As a result of these regulations, many water supplies have looked at alternative means of disinfection to reduce the formation of disinfection byproducts while still providing adequate microbial protection. Many systems are switching to chloramines—the combination of chlorine and ammonia—as the primary disinfectant. Because chloramines are not as reactive as chlorine, there is significantly less formation of disinfection byproducts. In addition, chloramines are more stable than chlorine, so they can provide better residual protection throughout the distribution system.
Chloramines, however, are toxic to fish and harmful to patients on dialysis. Additionally, chloramines react with certain types of rubber, specifically those used in hot water tanks, toilets and washing machines. Black particles are an indicator that these rubber materials are breaking down.
Chlorine dioxide is the third disinfectant regulated under the SDWA. Chlorine dioxide has been used for many years in treating municipal water for taste, odor, iron and manganese. Chlorine dioxide is a gas that is explosive under pressure, so it cannot be stored or shipped and must be generated on site. Chlorine dioxide is more effective than chlorine or chloramine for the inactivation of viruses, Cryptosporidium and Giardia. Its biocidal properties are not affected by the pH of the water, and it provides residual protection within the distribution system. Chorine dioxide can be expensive though, due to the cost of personnel training, raw materials to generate on site, and the sampling and testing for the potential byproducts, chlorite and chlorate.
UV and ozone are two other non- chlorine based disinfectants that are being explored as alternatives. In 1982, the FDA declared ozone as “generally recognized as safe” for use in bottled water, and in 1987, Los Angeles brought online an ozonation plant. Ozone is a powerful disinfectant and oxidant that can destroy viruses and other waterborne parasites that can be resistant to chlorine. Ozone is also used to oxidize nuisance inorganics such as iron, manganese and hydrogen sulfide, but it can also oxidize naturally occurring bromide, causing the formation of bromate. Bromate is a carcinogen and is regulated at 0.010 mg/L. Ozone is a gas that must be generated on site and, because of the electricity needed, can be much more expensive than chlorine.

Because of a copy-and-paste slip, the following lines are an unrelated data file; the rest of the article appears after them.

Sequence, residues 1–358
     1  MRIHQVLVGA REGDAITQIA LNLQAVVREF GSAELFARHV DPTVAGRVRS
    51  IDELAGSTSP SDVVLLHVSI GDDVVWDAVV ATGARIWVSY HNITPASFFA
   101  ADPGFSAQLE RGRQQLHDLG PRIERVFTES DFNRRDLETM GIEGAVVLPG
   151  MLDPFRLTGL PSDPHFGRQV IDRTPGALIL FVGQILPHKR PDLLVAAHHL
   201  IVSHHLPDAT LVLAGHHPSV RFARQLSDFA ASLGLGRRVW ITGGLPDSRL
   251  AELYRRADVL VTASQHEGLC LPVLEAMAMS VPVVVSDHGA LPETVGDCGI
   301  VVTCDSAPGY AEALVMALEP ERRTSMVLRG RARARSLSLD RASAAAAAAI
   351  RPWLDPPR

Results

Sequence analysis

UV is another option for disinfection processes that is gaining popularity in the U.S. UV is a non-chemical disinfectant that penetrates the cell wall of an organism, damaging its genetic material and preventing reproduction. UV has demonstrated its effectiveness against Cryptosporidium and other viruses, bacteria and cysts, and there are no known byproducts. The biggest drawbacks of UV are that it provides no residual protection and requires high-clarity water in order to be effective.
There are currently 11 disinfection byproducts that are regulated under the SDWA. These include four trihalomethanes and five haloacetic acids that are primarily formed in systems using chlorine-based disinfectants. Chlorite is commonly formed for systems using chlorine dioxide as the disinfectant, while bromate is a result of ozone application.
According to the Nationwide Disinfection Byproduct Occurrence Study undertaken by the EPA, there are more than 500 disinfection byproducts that have been identified. Because it is not feasible for the EPA to test more than 500 compounds for toxicity, it has prioritized them and has come up with a list of 50 “high priority” DBPs for further study. These high-priority DBPs include brominated, chlorinated and iodinated species of halomethanes, brominated and chlorinated forms of haloacetonitriles, haloketones, haloacids, halonitromethanes and analogues of MX (See Figure 1). Several new methods were developed in this study to help identify the presence of these new DPBs in drinking water.
Disinfection of our drinking water is necessary to reduce waterborne illness. The discovery of the formation of trihalomethanes from the use of chlorine disinfection led to the use of alternative disinfectants, which in turn has led to the formation of other DBPs. Many public water supplies are still struggling to reduce the formation of DBPs while still providing water that is free of microbial contaminants. Studies continue on the various disinfectants and disinfection byproducts; in the meantime, however, residential water treatment offers homeowners options for reducing the most common disinfection byproducts: trihalomethanes and haloacetic acids in their tap water.